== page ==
For the asexually curious and the curiously asexual

Pax Victoriana

I’m going to write a post about how asexual and homo (/bi/pan, but I’m not going to write that every time) sexual needs conflict. It has absolutely nothing to do with recent controversies. I’m just very, very bad at timing.

The actual reason I’m writing this post is because I had an exam earlier this week on queerness in Victorian America (ok, it was on Turn of the Screw. But they’re basically the same thing). This was then compounded by a certain show doing a breathtakingly good realisation of a queer couple in Victorian London (no spoilers, I promise. Apart from that one).

It’s a stereotype of asexuals that we want to reverse sexual ethics to the way they were in Victorian times (NOTE: For this post, I’m going to assume Victorian America and Britain were a monoculture, and conveniently ignore everything that was going on in the rest of the world). While most asexuals are sex-positive, and would hate to see a return to the judgement of 19th Century morality, it’s difficult to argue strenuously against. Because, well, the Victorians were surprisingly amazing at coming up with alternate relationship forms to the traditional sexual and romantic man and woman.

Let’s define some of the things we’re looking at here.

The basic Victorian ideal was a romantic friendship. This was a relationship, normally between two people of the same gender, either or both of whom could be married. It involved a deep friendship, normally the primary relationship of both people involved, which extended to gestures a 21st Century audience would see as sexual- kissing, sharing a bed, but didn’t involve any sexual attraction. In New England, this idea evolved into a Boston marriage, where two women lived together as if husband and wife. The idea evolved in a time when spinsterhood was likely and eternal, a married woman couldn’t have a career, and a household without a man was seen as incomplete. There is a certain air of neccessity around the Boston marriage. Wordsworth, for example, describes an old, poor woman:

“By the same fire to boil their pottage,
Two poor old Dames, as I have known,
Will often live in one small cottage,
But she, poor woman, dwelt alone.”

There is a strong sense of economic justification, of necessity, to the Boston marriage, even though there is evidence that many of the Bostonians were what we would term proto-feminist in their outlook.

There are some very good ideas in these lifestyles. Romantic friendship can involve the re-classification of many of the elements we think of as being part of capital R Relationships. There are elements of touch and sensuality in there, but, most importantly, there are elements of commitment and prioritisation. The Boston marriage, while coming from a deeply patriarchal place, confirms that a partnered existance has significant material benefits, cheaper living, company, someone to look after you in case of illness, etc. It allows people who can’t neccesarily access these benefits in the way they’re normally procured, through significant romantic and sexual relationships, access. It’s been mentioned before that such benefits can be really important to aromantic people.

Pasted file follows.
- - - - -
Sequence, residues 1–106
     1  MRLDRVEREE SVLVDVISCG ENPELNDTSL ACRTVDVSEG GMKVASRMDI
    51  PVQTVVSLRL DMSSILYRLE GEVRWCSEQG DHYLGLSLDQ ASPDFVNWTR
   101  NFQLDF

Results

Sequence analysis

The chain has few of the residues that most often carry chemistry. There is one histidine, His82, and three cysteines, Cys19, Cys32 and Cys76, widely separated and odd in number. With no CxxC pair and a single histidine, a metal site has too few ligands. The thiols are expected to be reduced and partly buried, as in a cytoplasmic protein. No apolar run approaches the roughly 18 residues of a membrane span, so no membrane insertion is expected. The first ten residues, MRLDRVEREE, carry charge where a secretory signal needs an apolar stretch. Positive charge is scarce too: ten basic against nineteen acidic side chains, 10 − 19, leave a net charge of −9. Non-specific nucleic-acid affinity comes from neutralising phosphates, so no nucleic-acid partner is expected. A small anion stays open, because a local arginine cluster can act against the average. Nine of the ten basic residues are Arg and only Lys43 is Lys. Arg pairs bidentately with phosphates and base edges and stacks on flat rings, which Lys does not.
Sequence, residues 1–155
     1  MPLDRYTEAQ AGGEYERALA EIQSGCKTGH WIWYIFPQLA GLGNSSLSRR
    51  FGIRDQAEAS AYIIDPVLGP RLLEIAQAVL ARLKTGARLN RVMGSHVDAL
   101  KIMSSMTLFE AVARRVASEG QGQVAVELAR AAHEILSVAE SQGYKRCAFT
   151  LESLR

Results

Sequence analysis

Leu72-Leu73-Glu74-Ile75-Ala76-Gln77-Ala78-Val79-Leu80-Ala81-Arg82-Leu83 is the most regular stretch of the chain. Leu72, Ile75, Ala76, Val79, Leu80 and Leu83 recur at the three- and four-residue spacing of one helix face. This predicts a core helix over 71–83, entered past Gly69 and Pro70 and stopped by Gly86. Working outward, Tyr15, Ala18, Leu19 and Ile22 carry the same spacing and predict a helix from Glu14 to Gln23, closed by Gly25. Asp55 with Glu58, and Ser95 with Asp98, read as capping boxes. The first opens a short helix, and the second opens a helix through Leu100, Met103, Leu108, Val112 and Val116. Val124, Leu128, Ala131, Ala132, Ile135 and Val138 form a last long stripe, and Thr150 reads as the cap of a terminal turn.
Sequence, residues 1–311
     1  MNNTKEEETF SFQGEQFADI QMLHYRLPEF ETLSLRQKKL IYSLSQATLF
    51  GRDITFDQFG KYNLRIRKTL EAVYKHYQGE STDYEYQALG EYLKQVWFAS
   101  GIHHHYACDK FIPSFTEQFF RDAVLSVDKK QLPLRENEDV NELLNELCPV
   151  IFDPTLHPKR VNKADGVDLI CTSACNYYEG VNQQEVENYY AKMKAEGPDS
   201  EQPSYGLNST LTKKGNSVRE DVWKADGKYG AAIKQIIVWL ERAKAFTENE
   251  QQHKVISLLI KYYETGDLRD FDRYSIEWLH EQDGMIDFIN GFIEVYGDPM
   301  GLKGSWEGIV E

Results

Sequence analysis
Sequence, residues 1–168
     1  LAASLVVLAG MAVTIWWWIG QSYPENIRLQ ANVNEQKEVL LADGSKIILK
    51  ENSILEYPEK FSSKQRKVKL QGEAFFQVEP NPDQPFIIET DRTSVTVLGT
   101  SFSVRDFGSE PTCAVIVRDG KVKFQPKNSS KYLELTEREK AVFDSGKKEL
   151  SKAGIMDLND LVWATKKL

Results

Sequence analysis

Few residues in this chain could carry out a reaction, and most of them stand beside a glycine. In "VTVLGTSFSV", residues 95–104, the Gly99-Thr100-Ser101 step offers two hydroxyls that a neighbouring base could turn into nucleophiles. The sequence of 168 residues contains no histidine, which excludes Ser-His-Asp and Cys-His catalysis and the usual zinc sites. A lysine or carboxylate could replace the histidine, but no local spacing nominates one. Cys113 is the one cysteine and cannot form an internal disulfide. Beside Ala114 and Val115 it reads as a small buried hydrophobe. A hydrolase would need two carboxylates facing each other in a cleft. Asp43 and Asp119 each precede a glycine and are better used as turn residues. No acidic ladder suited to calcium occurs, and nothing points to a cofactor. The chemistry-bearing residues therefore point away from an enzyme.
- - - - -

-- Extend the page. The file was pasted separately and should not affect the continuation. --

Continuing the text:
So Victorian breaking of the friendship/relationship binary can be incredibly helpful and relevant to the modern aromantic. The traditional models we have for ‘non-traditional’ relationships are largely same-sex, which I think further alienates hetero-aligned people who have few models and lots of other issues to contend with. But it’s worth asking why they’re same sex. And I think this is because the models I love have long been features of homosexual oppression.

Because no-one in the 21st century seriously believes that everyone in a romantic friendship or a Boston marriage wasn’t fucking. Because it’s kinda obvious that these relationships were the last escape of people whose love was illegal or shameful.

We’ll find our inspirations, a hope for a new future buried deep in our past, are built not on the noble premise that relationships can be taken apart and re-assembled, that love is user-servicable, but on the idea that some people’s lives are too shameful to countenance. The question about Victorian morality is harder than we thought.


Comments on: "Pax Victoriana" (2)

  1. Kristin said:

    As someone who is asexual, a soon-to-be musicologist focused on 19th century Europe, and someone active in steampunk and neo-Victorian stuff, I often get asked (or have it presumed) that I am a prude who wants to return to “Victorian morality,” whatever that means. This problem could be solved if the people who assume this actually knew anything about (1) asexuality and/or (2) nuanced discussions (“moral” and otherwise) about 19th century approaches to social issues.

    Also, people seem to neglect the whole you-can-admire-someone-without-thinking-their-ideals-are-perfect thing. Yeah…

    • Weirdly enough, I’m in both the Steampunk and the LGBT society at university, and they have a pretty big crossover. I asked a friend whether she thought there was some overlap between queerness and steampunk and she immediately and instinctively said there was- we spent a long time trying to figure out where that instinct came from.

      So, yeah, queering Victoriana is something I find a really interesting excercise.

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